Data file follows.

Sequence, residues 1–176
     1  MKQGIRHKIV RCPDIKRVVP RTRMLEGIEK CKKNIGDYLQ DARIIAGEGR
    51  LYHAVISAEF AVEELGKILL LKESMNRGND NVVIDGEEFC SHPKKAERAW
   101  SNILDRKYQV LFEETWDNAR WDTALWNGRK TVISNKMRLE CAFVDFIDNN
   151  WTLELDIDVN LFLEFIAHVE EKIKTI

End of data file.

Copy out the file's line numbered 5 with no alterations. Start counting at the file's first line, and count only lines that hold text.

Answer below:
   151  WTLELDIDVN LFLEFIAHVE EKIKTI